(10 days ago – after 18 wonderful years – we dropped our son off at college; it is still too raw for me to write about the day itself, but I wanted to share with you the letter I stuck in his hand as I hugged him goodbye and tried not to let him see the tears welling in my eyes)
(above: on the drive over….below: 18 years before the drive over…)
My dearest Rafael,
I’m sitting in the London apartment we rented, and am just beginning a letter which I will give you when you leave home for college.
This will be a random laundry list of thoughts – but you are not allowed to throw them away! (I WILL check!) Read more...
Today I’d like to address a sensitive subject: childhood thievery.
Not kids being stolen off the street or depressing crap like that, but the stuff you stole as a child (and please, do not tell me you never took a five-finger discount when you were a kid).
Let’s use a cut-off age of ten years old.
I remember stealing two things: packs of gum (various, but especially Bubble Yum) and the fancy metal caps off car tire valves. They were the “hip” thing to have for your bicycle tires, and I didn’t have the money for them. Soooooo….I cruised the parking lot of Sears until I found a car with shiny silver valve caps, crouched down, and stole a pair for my bike. Read more...
There are many ways to identify douchebags: their open shirts, their indoor sunglasses, their liberal use of hair product, but what about their parking habits?
I hate people who park in other people’s reserved spaces. That whole sense of entitlement, of thinking the rules don’t apply to you. Ugh. And then there are those people who straddle the yellow dividing lines, hogging up two spots. And don’t get me started on the goons who park illegally in handicapped spots – in my book, you’ve just booked a seat on the karmic express to hell.
So why on earth did I receive this charming letter the other day? Read more...
He was standing against the wall, beer in hand, talking to a much younger blonde woman. But it was getting late, and I was tired – if I wanted that autograph, I had to make my move.
Jello Biafra (former front man for the Dead Kennedys, political prankster and activist, founder of Alternative Tentacles Records, and all around punk rock royalty) was DJ-ing at my little dive bar, The Ruby Room, and I had vowed I would get the man to sign a couple of records. I felt okay about this: after all, I had restrained myself from bringing ALL six of the LP’s I own, not to mention the handful of 45’s.
In the city where I live, there is a spit of land by the shoreline where people take their dogs on walks, let their children get their feet wet, and where an estimated 30 homeless people are living.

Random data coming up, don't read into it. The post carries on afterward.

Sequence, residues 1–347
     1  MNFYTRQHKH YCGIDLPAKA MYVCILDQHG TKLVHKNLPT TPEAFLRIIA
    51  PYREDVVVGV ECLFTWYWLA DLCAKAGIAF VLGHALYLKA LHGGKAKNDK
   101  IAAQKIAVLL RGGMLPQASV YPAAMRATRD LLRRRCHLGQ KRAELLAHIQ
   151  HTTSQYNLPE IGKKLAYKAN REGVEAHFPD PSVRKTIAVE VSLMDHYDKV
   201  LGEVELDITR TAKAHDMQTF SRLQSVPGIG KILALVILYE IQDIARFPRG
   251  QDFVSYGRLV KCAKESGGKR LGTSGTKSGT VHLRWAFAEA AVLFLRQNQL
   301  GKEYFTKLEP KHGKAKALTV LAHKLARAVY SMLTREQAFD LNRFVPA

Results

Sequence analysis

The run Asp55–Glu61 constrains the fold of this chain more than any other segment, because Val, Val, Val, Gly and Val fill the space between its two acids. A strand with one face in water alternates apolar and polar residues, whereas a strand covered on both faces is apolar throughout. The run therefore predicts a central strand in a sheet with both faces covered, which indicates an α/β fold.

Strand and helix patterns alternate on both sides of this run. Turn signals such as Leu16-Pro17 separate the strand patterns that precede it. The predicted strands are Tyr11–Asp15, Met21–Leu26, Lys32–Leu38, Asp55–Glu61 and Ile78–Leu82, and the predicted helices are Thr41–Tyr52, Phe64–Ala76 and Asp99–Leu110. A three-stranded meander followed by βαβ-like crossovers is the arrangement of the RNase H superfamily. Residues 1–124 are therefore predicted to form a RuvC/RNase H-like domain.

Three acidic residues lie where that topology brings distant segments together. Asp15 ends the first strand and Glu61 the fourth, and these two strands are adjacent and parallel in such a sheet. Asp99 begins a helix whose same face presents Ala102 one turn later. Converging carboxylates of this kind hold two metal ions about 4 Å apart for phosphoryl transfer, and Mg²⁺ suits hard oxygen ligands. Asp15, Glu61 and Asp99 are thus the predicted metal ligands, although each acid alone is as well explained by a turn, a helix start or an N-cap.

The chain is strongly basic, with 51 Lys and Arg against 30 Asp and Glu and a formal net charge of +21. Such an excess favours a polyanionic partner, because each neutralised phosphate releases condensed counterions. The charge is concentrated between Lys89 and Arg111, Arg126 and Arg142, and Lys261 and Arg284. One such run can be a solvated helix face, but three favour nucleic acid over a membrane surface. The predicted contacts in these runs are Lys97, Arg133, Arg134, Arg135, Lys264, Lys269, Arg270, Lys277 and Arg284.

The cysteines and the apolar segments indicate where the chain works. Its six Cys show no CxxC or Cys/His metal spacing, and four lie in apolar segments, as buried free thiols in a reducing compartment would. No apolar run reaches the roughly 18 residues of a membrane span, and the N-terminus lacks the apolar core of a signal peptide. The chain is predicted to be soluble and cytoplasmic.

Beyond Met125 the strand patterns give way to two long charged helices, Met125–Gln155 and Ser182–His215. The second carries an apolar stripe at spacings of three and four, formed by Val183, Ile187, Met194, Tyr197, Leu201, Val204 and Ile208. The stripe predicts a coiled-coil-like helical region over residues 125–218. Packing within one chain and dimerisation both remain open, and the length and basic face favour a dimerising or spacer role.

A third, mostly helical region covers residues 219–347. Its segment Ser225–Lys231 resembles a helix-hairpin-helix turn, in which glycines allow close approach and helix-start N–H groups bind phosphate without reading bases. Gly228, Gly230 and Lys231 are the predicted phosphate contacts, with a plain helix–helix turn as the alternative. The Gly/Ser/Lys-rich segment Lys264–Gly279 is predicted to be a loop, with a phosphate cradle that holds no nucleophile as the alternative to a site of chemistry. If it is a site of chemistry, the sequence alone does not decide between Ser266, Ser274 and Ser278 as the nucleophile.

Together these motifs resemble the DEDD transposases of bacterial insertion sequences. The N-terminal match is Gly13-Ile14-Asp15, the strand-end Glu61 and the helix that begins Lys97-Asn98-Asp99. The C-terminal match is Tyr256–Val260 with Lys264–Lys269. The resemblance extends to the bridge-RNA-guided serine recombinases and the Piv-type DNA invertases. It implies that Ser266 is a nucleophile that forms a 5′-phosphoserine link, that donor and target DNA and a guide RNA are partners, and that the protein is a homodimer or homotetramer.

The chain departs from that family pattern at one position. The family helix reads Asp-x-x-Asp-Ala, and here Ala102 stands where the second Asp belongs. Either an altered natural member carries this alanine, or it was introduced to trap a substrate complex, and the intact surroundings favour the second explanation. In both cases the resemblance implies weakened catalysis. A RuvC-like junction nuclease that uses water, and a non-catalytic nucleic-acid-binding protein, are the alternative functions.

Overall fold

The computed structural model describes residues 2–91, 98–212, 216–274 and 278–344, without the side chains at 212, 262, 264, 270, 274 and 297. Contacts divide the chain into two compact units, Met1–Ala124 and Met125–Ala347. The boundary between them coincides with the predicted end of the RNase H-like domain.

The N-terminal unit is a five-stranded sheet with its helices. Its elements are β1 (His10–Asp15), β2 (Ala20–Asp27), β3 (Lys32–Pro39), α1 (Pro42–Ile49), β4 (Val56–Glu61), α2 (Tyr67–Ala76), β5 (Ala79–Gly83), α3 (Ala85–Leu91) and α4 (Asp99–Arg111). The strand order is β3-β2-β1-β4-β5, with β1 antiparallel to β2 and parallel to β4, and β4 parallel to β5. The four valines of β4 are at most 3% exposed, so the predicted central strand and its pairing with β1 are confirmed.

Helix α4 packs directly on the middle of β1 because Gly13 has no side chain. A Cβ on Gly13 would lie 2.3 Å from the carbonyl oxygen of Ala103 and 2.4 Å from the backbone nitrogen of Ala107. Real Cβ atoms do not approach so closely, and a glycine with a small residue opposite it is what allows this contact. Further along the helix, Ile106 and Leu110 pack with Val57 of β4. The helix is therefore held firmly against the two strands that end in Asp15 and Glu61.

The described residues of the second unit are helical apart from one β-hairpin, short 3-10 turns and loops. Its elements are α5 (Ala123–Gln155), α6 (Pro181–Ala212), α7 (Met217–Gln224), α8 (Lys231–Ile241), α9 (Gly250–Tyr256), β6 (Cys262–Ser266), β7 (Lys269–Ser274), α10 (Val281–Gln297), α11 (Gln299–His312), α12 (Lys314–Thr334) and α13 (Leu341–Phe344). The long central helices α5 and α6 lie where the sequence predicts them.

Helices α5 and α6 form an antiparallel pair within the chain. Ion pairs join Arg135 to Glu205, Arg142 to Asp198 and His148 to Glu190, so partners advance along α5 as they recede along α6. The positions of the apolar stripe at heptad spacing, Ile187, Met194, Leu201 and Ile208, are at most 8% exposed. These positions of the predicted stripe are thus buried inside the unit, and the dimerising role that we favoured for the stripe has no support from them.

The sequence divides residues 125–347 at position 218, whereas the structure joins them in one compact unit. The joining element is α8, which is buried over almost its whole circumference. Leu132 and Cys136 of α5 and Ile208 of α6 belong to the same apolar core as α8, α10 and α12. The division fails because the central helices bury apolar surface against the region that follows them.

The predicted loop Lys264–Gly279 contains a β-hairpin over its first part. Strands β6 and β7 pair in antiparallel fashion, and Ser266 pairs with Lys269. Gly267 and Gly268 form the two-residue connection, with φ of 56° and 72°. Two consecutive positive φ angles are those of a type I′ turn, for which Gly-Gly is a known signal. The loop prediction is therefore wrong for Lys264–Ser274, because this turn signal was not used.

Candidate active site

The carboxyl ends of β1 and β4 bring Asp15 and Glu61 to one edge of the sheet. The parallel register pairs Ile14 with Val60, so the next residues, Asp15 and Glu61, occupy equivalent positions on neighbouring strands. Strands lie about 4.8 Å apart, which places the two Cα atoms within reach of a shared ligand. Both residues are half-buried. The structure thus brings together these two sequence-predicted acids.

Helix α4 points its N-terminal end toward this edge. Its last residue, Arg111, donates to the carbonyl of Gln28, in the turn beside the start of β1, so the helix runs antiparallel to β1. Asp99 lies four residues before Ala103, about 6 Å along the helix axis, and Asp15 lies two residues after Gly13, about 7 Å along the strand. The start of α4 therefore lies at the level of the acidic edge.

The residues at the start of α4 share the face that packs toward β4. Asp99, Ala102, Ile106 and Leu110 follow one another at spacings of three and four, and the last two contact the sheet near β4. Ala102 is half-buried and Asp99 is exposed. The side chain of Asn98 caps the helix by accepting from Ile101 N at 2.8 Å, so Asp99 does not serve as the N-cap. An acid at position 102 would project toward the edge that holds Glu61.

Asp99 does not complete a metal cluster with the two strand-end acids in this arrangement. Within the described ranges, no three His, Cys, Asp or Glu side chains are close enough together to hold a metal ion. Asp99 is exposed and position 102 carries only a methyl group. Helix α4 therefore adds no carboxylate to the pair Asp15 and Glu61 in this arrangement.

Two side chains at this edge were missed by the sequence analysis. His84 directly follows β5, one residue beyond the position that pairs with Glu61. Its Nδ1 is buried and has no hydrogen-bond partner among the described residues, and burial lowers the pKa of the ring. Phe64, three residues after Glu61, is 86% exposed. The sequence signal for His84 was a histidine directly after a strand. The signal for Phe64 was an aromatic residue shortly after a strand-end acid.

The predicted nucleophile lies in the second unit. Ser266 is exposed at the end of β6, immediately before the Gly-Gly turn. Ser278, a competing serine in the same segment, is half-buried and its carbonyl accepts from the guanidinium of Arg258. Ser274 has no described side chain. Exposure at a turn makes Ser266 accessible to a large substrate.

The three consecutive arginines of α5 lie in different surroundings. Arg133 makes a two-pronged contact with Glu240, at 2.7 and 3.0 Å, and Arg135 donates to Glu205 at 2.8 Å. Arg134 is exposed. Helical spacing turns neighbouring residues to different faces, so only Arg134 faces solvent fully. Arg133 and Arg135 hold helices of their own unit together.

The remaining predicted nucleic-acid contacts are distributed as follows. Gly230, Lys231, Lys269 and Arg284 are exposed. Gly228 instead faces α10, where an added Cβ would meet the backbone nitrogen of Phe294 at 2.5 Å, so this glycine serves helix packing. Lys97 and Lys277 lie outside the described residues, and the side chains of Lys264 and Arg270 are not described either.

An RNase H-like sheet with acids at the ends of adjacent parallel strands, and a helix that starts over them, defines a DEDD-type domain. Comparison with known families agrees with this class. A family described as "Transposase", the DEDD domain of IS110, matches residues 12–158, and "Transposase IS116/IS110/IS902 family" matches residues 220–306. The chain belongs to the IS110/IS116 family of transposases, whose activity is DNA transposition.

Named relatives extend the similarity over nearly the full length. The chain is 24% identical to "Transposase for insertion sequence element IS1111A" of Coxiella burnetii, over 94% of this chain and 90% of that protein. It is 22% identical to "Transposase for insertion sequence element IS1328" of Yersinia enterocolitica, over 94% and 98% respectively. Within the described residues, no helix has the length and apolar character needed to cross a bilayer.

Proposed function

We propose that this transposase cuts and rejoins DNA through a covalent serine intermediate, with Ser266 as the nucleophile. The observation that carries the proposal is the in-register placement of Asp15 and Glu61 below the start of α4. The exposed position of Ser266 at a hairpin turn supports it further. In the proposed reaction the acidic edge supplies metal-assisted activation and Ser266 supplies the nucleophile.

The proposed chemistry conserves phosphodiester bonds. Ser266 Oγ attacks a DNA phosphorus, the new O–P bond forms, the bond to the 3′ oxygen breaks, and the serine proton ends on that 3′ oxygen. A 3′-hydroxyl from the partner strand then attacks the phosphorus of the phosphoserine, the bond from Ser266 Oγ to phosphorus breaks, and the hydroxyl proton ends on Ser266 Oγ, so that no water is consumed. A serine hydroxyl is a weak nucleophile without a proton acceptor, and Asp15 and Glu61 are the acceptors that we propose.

Just this week, the city reached a settlement with the homeless, agreeing to pay each of them $3000 in return for a promise that they leave and not return to the property, which is owned by the city.
The legal issue is federal and state disability laws and Fourth Amendment property protections (which include shopping carts filled with stuff), versus the city’s “anti-camping” ordinance, the city’s way to prevent the homeless from squatting.
The woman in this photo is being re-tried on animal abuse charges. Her name is Jan Van Dusen.
Just around the corner from our house there is a “crazy cat lady house.” It’s tucked behind wild, unmanaged shrubs, the paint on the modest bungalow is peeling, and there are usually three or four cats – no collars – wandering through the front yard. I’ve never seen the owner of the house, but we have good reason to suspect that our cat, Spunky, who we found abandoned in our backyard with part of the umbilical cord still attached and her eyes still shut, looking like a rat or tiny ewok, might be the offspring of one of the cat lady’s cats.
So: should crazy cat ladies with too many cats be arrested for animal abuse? Read more...
Well, to be more precise, let’s call it one middle aged man hanging out with three thirteen year old boys–wait–that sounds–okay, basically, it was a dad taking his thirteen year old son and his son’s two friends out for dinner at a gastropub-ish place called Rocca’s.
I went for the vinyl, I stayed for the awesomeness.
The Oakland Museum of California is having an exhibit on vinyl records, so naturally I had to go and compare my collection to theirs. That show turned out to be a bit of a bust for me, but right next to it, ten steps away in another wing of the building, was a show I hadn’t heard of:
Here’s why I’m never allowed to complain again – even silently, even just in my head – when Starbuck’s has run out of my customary multi-grain bagel, and perhaps even served the substitute plain bagel with cream cheese instead of the butter I requested.
In fact, here’s why I’m not allowed to complain about anything ever again. As I was chomping listlessly on that plain bagel, I glanced through the paper and read the story of a 17 year old boy named Rufus Wollo.